The T20 World Cup in South Africa provides the West Indies captain a tough initiation, facing England first-up after a series of disappointing results. They were only made tougher by a spate of injuries in their build-up.
And while their campaign may hinge on her individual output, the 24-year-old feels the return of Chinelle Henry, Aaliya Alleyne and Stafanie Taylor, as well as the injection of youth from the Under-19 squad means their best is yet to come.
“I think any team you look at, if you experience five or six injuries it’s going to be pretty tough for them, and that’s pretty much what’s happened to us the last couple of months.”
“I think with them coming back in the squad, and the Under-19s from the World Cup that’s just finished coming into the squad as well gives us a pretty good balance of youth and experience.”
England by contrast feel ready to go after their extensive preparation in South Africa according to skipper Heather Knight.
“We had 10 days in Pretoria playing against New Zealand, getting used to the conditions and just reconnecting with how we’re going to go about it.”
“Now we’re here in Cape Town, it feels really real.”
England’s hopes at the last T20 World Cup were taken out of their hands, as Knight and her teammates watched rain tumble down at the Sydney Cricket Ground.
India advanced in their abandoned semi-final by virtue of finishing top of their group, though Knight feels they can make their own luck two years on.
“Obviously it’s never nice being knocked out in a semi-final or losing a final like that.
“Unfortunately we’ve had a lot of that, but we feel really confident coming into this tournament”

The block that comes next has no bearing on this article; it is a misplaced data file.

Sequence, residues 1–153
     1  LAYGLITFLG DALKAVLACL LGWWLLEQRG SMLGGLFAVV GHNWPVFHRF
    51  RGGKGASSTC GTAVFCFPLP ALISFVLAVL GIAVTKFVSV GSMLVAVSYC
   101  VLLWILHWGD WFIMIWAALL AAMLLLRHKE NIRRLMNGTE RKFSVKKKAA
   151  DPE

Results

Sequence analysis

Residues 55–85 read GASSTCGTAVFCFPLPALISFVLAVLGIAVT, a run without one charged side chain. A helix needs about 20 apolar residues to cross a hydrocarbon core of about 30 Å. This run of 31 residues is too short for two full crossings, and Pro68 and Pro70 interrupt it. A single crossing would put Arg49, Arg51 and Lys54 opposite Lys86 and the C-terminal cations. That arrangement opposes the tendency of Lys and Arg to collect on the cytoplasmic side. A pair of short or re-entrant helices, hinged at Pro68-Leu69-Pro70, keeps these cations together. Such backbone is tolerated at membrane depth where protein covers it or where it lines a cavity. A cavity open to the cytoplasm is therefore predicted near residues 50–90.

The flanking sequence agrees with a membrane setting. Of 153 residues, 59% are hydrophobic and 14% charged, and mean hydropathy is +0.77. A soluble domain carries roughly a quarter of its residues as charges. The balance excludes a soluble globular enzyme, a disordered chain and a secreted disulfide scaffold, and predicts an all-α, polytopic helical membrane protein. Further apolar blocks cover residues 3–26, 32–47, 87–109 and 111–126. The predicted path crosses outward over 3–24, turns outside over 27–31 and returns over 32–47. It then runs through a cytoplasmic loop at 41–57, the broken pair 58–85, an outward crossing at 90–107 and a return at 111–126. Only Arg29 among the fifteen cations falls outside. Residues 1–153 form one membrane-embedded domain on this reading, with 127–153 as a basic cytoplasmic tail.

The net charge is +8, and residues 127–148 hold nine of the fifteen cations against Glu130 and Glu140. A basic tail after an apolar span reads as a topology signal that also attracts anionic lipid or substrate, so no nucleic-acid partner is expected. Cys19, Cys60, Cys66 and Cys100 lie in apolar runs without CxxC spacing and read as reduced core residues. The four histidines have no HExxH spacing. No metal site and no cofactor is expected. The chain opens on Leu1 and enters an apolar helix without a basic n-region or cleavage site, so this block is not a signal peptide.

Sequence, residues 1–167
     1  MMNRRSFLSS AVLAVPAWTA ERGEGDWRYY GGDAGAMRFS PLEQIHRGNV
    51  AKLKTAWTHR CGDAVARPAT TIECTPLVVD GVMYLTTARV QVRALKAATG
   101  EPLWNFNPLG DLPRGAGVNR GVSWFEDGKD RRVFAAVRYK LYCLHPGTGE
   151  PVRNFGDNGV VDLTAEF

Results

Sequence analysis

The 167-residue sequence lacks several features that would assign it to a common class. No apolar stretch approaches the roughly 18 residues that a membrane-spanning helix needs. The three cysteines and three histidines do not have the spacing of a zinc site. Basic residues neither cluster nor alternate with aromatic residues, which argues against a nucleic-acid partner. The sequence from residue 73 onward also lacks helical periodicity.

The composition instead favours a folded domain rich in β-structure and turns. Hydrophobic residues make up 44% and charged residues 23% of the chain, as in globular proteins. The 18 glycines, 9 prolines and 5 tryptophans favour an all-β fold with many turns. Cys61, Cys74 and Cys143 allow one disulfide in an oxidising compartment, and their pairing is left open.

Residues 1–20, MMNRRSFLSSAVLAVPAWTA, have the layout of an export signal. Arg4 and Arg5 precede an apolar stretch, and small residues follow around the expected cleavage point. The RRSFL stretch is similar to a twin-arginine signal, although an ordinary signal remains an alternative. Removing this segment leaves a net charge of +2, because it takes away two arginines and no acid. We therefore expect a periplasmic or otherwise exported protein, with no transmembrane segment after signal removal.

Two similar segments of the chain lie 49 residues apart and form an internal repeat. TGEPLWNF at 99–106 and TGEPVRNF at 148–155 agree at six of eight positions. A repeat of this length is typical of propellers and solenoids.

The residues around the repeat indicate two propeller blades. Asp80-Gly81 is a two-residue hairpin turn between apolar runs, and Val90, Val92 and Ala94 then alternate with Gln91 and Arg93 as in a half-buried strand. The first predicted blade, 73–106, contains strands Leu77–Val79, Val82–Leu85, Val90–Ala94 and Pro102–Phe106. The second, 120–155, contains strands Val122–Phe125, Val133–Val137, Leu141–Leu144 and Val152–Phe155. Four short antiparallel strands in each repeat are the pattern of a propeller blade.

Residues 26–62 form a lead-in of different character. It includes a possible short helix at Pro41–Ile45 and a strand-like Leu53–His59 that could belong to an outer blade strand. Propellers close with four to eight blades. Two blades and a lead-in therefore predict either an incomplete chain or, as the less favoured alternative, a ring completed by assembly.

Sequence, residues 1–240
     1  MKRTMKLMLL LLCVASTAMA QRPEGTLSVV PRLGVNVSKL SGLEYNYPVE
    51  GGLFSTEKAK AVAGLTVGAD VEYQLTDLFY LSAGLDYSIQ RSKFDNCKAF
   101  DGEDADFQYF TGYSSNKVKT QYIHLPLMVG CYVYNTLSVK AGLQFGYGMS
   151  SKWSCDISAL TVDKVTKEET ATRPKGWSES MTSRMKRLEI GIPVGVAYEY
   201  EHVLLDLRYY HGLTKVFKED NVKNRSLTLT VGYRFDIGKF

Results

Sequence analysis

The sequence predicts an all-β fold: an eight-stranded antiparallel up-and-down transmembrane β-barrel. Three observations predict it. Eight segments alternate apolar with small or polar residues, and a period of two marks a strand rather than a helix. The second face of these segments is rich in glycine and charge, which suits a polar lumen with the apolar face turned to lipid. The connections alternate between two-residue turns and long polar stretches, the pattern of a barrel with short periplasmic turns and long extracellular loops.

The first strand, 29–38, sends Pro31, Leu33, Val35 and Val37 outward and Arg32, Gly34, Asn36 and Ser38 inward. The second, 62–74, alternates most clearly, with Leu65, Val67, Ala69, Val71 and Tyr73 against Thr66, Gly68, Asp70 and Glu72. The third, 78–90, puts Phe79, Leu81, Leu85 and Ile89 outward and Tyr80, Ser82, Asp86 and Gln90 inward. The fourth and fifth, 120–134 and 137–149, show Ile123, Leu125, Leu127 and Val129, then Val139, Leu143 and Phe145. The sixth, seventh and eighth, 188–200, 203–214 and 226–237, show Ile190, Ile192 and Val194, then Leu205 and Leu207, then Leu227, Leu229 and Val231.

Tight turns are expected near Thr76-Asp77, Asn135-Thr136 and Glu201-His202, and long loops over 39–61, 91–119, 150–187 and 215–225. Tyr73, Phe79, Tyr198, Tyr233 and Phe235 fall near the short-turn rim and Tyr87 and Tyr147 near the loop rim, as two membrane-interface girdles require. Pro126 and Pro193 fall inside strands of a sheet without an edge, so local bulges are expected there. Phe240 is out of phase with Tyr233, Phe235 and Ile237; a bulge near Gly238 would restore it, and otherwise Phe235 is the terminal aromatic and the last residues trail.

Bangladesh and Sri Lanka circling each other on the calendar
While other fixtures may steal headlines in the first cycle of games at the tournament, Bangladesh and Sri Lanka will fancy their chances against each other in a match of intrigue.
Both sides would almost certainly need victory here if they were to make a tournament run in Group 1, with Bangladesh skipper Nigar Sultana Joty acknowledging victory in the fixture would springboard their campaign.
“We’re looking for a great win against Sri Lanka, and after that we can get momentum through the tournament, and we can play semi-finals.
“We can show ourselves how capable we are and as a team, if we perform the way we can, we can beat any team.”
Sri Lanka face the hosts in the first match of the tournament before they meet Bangladesh, though Chamari Athapaththu feels several trips to South Africa puts her team in good stead.
“The ranking (8th in the world) is just a number. I always say to my team to stay focused on the game.
“If players are playing good cricket, we can beat any team in the world.
“I think this is my sixth time in South Africa. I know these conditions, and not just only me, a few players have played a lot of cricket in South Africa”
Ireland wait in the wings before Paarl outing
The last team to take the field at this T20 World Cup, Ireland will be eager watchers before their opener against England on February 13 in Paarl.
Laura Delany’s side were solid in last year’s Qualifier to nab one of two spots in UAE, only edged by Bangladesh in two close affairs, and went on to win a bilateral away series against Pakistan in November.
With a warm-up win over Australia making headlines worldwide, Delany fancies making waves in South Africa.
“As a group we’re growing with each performance and I think we took a lot of confidence from that T20 series win against Pakistan in Pakistan.
“It was in tough conditions … but everything is heading in the right direction, the girls are putting in really good performances and there’s a great vibe and energy around the group at the moment.”
On the England challenge, Delany too feels there is potential to surprise.
“We’ve done a lot of work with video footage, and now that the games are televised as well it gives us an opportunity to see who is in form and who are the key players we need to look out for.”
“Overall we just can’t wait to get going.”
-T20 World Cup